Area man does not regret leaving eye open during sneeze
With his newly acquired hindsight, and sight altogether, 27-year-old Madisonian Harrison Montag is relatively satisfied with his decision to keep his right eyelids open for the duration of a sneeze Monday.
The sneeze, which was allegedly not extreme in magnitude, was forceful enough to project Montag’s eye all the way out of its socket, but lacked the strength to detach it from the optic nerve. His eyeball remains fully intact and now hangs, facing downward, approximately three inches below the socket, which is now void of matter other than the stretched optic nerve.
“I had the sniffles all day and felt a big one coming on. I had always heard it was impossible to keep your eyes open during a sneeze so I gave it a shot,” Montag said. “I failed on the first try, but was successful with just one eye on one of the smaller aftershocks. It still stings like a bitch, but it’s really provided me with a new perspective.”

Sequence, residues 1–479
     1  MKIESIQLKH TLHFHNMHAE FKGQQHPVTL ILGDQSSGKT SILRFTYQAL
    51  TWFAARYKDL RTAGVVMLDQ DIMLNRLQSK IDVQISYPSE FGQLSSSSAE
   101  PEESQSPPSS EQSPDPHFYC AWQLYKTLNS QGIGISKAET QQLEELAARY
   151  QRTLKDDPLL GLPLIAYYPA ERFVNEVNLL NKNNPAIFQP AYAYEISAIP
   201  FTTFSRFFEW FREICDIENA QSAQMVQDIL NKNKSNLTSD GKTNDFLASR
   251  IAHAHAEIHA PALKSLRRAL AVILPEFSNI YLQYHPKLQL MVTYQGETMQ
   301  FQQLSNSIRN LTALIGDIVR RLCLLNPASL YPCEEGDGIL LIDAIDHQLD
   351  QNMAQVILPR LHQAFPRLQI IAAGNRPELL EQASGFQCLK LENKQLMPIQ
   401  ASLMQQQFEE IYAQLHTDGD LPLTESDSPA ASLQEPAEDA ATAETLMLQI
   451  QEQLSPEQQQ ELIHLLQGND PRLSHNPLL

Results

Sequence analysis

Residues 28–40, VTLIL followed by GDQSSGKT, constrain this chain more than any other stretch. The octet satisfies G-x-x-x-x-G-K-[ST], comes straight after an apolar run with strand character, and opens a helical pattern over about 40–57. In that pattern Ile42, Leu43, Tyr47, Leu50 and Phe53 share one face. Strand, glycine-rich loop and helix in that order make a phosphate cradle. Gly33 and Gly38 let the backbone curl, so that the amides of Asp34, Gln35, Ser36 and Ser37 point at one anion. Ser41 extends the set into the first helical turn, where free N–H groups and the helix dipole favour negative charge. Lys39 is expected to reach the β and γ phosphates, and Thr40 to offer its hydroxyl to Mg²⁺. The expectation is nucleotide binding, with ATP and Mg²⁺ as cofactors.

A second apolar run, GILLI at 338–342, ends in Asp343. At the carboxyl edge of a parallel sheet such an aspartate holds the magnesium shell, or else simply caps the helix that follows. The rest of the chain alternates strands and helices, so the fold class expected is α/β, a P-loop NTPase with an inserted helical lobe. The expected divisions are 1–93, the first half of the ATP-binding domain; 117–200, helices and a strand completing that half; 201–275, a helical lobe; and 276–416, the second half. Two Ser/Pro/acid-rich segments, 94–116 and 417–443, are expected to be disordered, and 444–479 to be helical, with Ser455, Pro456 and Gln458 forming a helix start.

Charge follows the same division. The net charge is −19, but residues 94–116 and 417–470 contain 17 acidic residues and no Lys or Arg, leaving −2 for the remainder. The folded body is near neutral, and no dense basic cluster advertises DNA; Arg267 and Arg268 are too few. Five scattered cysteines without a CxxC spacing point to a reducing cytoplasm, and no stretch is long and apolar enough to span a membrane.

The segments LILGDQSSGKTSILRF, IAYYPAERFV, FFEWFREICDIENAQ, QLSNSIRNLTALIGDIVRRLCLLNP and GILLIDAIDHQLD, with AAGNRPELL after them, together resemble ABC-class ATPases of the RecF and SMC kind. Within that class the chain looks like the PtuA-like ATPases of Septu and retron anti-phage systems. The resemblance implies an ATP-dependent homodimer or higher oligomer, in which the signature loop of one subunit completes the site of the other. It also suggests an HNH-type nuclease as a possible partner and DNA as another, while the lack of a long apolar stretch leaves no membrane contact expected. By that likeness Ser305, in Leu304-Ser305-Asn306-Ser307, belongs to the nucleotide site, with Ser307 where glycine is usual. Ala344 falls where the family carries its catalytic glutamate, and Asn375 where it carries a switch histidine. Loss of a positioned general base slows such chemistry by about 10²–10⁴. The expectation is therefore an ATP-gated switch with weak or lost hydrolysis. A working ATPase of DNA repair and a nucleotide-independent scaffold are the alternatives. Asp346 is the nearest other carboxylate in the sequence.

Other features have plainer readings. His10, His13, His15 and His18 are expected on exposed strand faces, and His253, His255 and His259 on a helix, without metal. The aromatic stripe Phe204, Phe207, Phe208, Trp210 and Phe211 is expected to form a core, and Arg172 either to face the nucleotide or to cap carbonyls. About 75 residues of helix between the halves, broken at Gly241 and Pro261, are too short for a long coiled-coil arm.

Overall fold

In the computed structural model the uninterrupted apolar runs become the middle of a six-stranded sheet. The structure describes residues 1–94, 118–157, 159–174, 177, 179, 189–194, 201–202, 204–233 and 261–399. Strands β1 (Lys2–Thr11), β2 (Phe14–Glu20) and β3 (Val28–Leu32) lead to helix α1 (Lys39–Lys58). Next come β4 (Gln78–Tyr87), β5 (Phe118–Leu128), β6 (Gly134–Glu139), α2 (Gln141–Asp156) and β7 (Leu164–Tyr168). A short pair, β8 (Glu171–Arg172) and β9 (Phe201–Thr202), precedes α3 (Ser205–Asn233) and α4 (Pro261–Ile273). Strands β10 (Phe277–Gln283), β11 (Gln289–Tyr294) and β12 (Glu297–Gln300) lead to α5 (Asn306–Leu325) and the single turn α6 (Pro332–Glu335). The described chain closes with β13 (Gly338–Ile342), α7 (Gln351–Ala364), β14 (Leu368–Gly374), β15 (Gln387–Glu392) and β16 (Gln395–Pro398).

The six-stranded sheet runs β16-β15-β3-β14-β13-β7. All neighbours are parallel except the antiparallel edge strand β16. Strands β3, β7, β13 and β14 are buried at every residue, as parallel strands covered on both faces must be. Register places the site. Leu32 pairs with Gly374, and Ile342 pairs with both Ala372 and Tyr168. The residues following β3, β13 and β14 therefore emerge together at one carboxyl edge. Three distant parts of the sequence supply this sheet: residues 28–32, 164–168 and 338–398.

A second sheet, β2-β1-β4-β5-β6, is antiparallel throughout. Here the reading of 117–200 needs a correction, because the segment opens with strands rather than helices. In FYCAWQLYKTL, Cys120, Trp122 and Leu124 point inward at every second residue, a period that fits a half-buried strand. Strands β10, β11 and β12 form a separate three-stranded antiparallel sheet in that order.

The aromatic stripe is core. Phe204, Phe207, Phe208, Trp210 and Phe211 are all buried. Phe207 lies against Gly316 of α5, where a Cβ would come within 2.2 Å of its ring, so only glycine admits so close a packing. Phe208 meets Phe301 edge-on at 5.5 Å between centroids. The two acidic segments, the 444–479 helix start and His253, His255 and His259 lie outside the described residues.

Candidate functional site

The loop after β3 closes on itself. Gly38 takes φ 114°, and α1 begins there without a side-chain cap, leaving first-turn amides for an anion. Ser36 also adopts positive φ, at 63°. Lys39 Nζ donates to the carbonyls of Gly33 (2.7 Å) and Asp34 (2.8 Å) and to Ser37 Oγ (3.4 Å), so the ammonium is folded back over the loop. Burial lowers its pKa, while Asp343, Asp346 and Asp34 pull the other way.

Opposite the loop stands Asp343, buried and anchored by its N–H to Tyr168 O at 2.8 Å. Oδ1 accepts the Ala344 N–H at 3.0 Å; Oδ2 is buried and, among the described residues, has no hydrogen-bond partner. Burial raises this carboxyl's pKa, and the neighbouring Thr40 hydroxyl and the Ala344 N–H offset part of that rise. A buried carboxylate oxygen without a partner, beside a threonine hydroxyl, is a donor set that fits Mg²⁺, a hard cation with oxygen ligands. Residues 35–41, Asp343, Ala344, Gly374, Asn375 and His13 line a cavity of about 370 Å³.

The folklore of many indigenous groups claim that tribe members completed the feat, some even doing so with both eyes, but Montag’s case is the first in recorded medical history. All conventional biological knowledge suggests that Montag’s newly acquired condition was both unattainable and highly dangerous.
Despite unrelenting warnings from his physician and the global medical community, Montag has elected to continue in this state.
“I’ll be honest, my depth perception is way off,” Montag confessed to giddy and grossed out Cardinal reporters. “But I’m learning how to make the most of this. If I flick my head around I can achieve well over 180 degrees of vision. Not as good as an owl, but still pretty rad I say.”
At press time, sources close to Montag reported that he is growing agitated by the several hundred insects which are now residing inside of his skull.
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